This view, expressed by Doctor Kaplan in his 2003 book “The Universal Ethical Principle,”1 was first stated some twenty-five hundred years ago by the ancient sages who created the very concept of morality. The idea that exploiting and murdering nonhuman animals for human benefit is morally wrong first appeared as part and parcel of the same movement that gave birth to the idea that exploiting and murdering human beings is morally wrong.
The creation of this new ethical worldview, a worldview in which ethics was based on morality rather than on ritual purity—as had been the case prior to this—and in which all sentient beings were included on an equal basis, happened in three different places—India, Israel, and Greece—almost simultaneously. This radical transformation in human thought occurred during the uniquely fertile and creative period that 20th century German philosopher Karl Jaspers dubbed “the Axial Age,” the period between roughly 800 and 200 BCE in which human thought pivoted, as if rotating on an axis, and headed off in an entirely new direction, following a trajectory that—I hope—has yet to run its course.
During this Axial Age, Lord Mahavira (the founder of Jainism), the Buddha, the anonymous sages who created Hinduism as it has existed for the last two-thousand years, the Greek philosopher Pythagoras, and the Latter Prophets of Judaism all taught an ethic based upon empathy and compassion and applied that ethic equally to human beings and nonhuman animals. To phrase it anachronistically, but accurately, animal rights and human rights originated simultaneously as part of the same movement and represented, at their inception, coequal applications of the same principle. One struggle, one fight might well have been a motto of Lord Mahavira, the Buddha, the Hindu sages, Pythagoras, and the Latter Prophets.
And yet, when modern scholars and religious leaders—at least in the West—consider the Axial Age, they invariably overlook the inclusion of animals in the morality of the great sages. Karen Armstrong, a spiritually oriented scholar and writer who has written a number of excellent books on the history of religion, recently published a comprehensive interpretive history of the Axial Age entitled, appropriately enough, The Great Transformation. Amazingly, Dr. Armstrong all but ignores the central role that nonhuman animals played in Axial Age ethical throught. She makes the bizarre claim that animal sacrifice played an essential role in the development of modern morality, but does not tell us that many of the great Axial Age teachers applied their revolutionary moral principles to our treatment of animals on the same basis that they applied them to our treatment of other human beings.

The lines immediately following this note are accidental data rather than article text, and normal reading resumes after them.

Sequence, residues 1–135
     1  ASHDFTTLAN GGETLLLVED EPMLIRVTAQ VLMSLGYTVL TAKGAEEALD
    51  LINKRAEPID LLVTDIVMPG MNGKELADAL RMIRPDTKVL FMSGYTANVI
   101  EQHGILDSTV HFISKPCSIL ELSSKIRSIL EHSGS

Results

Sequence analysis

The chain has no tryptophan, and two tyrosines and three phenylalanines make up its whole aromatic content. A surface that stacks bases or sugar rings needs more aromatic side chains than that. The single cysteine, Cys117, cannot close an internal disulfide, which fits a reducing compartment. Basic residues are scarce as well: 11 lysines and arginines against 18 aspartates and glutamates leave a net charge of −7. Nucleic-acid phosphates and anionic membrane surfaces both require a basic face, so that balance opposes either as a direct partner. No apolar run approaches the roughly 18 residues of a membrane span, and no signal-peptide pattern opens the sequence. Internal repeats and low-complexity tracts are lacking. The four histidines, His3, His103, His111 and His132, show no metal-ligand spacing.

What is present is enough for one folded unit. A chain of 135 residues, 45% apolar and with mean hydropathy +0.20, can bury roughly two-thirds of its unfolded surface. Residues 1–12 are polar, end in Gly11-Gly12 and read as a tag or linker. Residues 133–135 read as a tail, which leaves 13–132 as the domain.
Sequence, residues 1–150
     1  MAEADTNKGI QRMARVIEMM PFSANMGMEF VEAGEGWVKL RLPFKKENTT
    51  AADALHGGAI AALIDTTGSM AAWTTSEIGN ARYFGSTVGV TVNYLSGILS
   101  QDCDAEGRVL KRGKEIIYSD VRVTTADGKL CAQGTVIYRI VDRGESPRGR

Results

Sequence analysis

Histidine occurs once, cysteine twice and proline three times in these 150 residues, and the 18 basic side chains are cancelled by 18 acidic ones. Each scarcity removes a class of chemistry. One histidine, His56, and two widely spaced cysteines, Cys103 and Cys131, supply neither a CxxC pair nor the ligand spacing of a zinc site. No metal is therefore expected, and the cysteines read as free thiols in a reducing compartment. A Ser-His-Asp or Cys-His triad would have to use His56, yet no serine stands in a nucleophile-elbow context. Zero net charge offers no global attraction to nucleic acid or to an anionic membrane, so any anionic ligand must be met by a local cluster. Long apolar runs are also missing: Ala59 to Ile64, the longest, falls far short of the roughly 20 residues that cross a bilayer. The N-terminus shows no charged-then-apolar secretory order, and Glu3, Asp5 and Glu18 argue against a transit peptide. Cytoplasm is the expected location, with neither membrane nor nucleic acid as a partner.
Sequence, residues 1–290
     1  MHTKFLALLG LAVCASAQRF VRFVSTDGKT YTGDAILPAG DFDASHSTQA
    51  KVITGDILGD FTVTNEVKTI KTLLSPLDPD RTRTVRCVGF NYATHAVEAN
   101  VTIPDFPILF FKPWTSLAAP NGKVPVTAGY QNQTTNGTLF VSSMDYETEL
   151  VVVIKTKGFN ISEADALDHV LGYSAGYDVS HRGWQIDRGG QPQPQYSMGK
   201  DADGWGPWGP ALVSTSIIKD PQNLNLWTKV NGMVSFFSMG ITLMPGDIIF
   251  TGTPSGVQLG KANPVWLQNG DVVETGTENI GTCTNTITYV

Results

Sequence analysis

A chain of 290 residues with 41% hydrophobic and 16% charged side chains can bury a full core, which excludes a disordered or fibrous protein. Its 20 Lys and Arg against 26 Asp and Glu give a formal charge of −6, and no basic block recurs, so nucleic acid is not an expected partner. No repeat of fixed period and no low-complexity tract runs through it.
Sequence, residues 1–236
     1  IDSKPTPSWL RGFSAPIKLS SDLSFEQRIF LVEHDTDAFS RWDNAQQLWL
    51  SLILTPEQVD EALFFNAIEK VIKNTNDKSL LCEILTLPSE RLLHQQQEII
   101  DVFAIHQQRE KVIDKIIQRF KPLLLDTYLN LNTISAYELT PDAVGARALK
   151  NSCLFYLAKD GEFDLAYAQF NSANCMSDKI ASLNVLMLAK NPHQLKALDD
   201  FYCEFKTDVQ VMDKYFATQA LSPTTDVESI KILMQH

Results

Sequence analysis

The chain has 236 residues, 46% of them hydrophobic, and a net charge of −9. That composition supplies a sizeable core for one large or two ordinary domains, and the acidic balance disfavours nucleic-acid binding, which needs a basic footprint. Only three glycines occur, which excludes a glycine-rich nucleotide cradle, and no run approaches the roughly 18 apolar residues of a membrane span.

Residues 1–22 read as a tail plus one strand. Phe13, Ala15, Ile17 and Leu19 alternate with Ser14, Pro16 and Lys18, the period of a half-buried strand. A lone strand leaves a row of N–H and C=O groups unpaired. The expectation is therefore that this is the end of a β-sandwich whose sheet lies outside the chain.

Given this moral blind spot in our society, perhaps it should come as no surprise that activists in the various human rights movements have lost the connection with the ancient beginnings. They no longer see the unity of suffering and the moral parity of all sentient beings that was taught by the Buddha, Pythagoras, and the Prophets. And so, they fail to see the unity of oppression. In fact—with shockingly few exceptions—human rights activists are every bit as deeply implicated in the slavery and slaughter of nonhuman animals as are the oppressors of humans that they campaign against.
I am aware, for example, of no major secular human rights organization that insists that only vegan food be served at all of its functions. Human rights activists think nothing of serving fried chicken or pate de fois gras at their dinners, but if PETA were to throw a banquet and serve human drumsticks or fattened human liver paste, these good folk would be horrified.
Why is this so? The short answer, of course, is speciesism. But the short answer begs the real question, which is, Why are most human rights activists speciesist, when speciesism would appear to contradict the core beliefs that motivate their activism?
Part of the answer is that they have simply absorbed speciesism from the general society: from their families, from their schools, from the media, etc. etc. And that is plainly true. But that answer still begs the question, and leads us to ask: Why haven’t the empathy and compassion that infuse their human rights activism inspired them to see beyond the speciesism that they grew up with and that surrounds them everywhere? Animal rights is simply the final frontier in the grand enterprise of creating a society that protects and nurtures all who live within the ambit of its power. It would seem that human rights activists should be our strongest supporters, a conclusion that is reinforced by the fact that it was shared by the sages who created the moral values on which human rights are based.